The COVID-19 pandemic could push more than 140 million people globally into extreme poverty and the very aid that the most vulnerable need has never been more complicated to deliver. Global and domestic travel restrictions have made it difficult and more expensive for global humanitarian organizations to get aid workers and supplies to the places most in need. Even at a local level, in-person services have been hampered by the health risks associated with programs that deliver goods and services. Many low-income communities are also grappling with job losses, and containment measures have limited options for people to earn an income. This has left many facing food insecurity and vulnerable populations at the highest risk of slipping deeper into poverty.
For over a decade, GiveDirectly has provided no-strings-attached cash transfers to the world’s most vulnerable. Now they are leveraging the growth in the adoption of mobile technologies across Sub-Saharan Africa to design and deploy a breakthrough, fully remote model of humanitarian relief in response to the COVID-19 crisis. With Audacious investment over the next 12 months, GiveDirectly will scale its current model to provide unconditional cash transfers to over 300,000 vulnerable people, helping families to address their immediate needs safely. GiveDirectly also aims to demonstrate the potential of data-informed crisis relief across different contexts and improve the scale and effectiveness of future humanitarian responses.
Across the next year, GiveDirectly will scale its current model, enrolling and identifying recipients without in-person contact in two ways: 1) partnering with community-based organizations to identify target beneficiaries within their existing networks and 2) leveraging data from national telephone companies to target those most in need at scale. Once target beneficiaries have been identified, they will be registered via cell phones or phone surveys, and cash dispersed to them via mobile money operators, such as M-Pesa. GiveDirectly will also collect rigorous feedback and data, systematizing the underlying processes and algorithms so they can be deployed for future disasters, demonstrating a new model for rapid humanitarian relief.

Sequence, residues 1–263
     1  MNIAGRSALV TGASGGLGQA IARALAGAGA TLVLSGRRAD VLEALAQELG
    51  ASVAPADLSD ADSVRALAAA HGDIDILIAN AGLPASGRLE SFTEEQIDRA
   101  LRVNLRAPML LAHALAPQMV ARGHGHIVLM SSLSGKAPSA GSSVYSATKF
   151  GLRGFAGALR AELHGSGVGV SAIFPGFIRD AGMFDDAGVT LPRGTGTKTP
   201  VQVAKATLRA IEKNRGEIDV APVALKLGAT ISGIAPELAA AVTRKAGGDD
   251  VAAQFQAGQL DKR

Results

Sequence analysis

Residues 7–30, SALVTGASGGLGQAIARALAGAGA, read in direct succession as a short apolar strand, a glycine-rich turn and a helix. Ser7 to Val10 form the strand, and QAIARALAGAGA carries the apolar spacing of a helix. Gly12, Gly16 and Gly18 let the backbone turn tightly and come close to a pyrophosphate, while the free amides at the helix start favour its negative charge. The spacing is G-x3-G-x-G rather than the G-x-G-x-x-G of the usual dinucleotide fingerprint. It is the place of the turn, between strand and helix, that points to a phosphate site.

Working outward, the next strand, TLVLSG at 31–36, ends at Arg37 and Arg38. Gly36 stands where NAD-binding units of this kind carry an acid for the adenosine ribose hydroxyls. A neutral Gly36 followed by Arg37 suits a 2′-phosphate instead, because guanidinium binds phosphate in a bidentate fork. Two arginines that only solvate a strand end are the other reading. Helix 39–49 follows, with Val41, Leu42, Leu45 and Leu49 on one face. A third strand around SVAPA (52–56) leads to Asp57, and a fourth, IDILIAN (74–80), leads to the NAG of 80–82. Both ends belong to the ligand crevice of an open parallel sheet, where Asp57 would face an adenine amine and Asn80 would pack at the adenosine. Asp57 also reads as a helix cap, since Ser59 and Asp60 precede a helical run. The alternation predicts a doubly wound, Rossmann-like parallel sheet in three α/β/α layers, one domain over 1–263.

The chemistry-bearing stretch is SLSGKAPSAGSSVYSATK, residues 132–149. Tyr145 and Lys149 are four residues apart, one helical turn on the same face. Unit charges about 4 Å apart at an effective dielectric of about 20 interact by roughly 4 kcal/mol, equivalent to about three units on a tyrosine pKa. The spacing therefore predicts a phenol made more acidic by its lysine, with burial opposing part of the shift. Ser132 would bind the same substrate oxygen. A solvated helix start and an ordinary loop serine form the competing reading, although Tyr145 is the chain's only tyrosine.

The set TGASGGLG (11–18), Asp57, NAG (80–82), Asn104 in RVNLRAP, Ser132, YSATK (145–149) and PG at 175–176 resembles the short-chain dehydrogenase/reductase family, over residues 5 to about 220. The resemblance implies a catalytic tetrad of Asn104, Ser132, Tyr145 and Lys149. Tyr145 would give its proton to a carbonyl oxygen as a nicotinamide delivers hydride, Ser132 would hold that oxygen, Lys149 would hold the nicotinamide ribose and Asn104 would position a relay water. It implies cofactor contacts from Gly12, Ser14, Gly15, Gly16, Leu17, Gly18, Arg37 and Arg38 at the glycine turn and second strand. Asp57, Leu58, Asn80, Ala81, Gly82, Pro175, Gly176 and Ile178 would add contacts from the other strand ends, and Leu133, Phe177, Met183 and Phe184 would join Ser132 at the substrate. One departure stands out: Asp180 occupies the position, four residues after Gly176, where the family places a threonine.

The global scale of the COVID-19 pandemic requires a flexible solution, like cash aid, that accounts for each context, community, and individual's differing needs. GiveDirectly is the first—and largest—nonprofit exclusively dedicated to delivering cash aid directly to the world's poorest. Since 2009, GiveDirectly has delivered over $260 million directly into the hands of over 270,000 families living in poverty. Direct cash assistance is effective and provides the dignity of choice to recipients, enabling them to define their own needs. In more than 150 studies, direct cash aid shows positive outcomes across various indicators, including income, savings, psychological well-being, and food consumption.
Michael is the President and co-founder of GiveDirectly. He co-founded Segovia Technology which makes it easier for organizations to pay anyone, anytime, anywhere in the emerging markets, as well as Taptap Send, which is making consumer remittances cheaper and more convenient. He is a member of the World Economic Forum’s community of Young Global Leaders and is also a term member of the Council of Foreign Relations. Michael was named one of Foreign Policy’s 100 leading Global Thinkers in 2013. He holds a Ph.D. in Economics from Harvard, where he also studied Math and Classics.
Dozens of studies have already shown conclusively that just handing very poor people a considerable sum of cash can transform their lives in lasting ways. That is hardly surprising. But this study set out to ask a different question: What about their neighbors?
For about a decade now, the charity GiveDirectly has been distributing cash straight to poor residents in sub-Saharan Africa, starting in Kenya and expanding later to Uganda, Malawi, Rwanda, Liberia, the Democratic Republic of the Congo, and Morocco.
Over the past decade there has been a surge of interest in a novel approach to helping the world's poor: Instead of giving them goods like food or services like job training, just hand out cash — with no strings attached. Now a major new study suggests that people who get the aid aren't the only ones who benefit.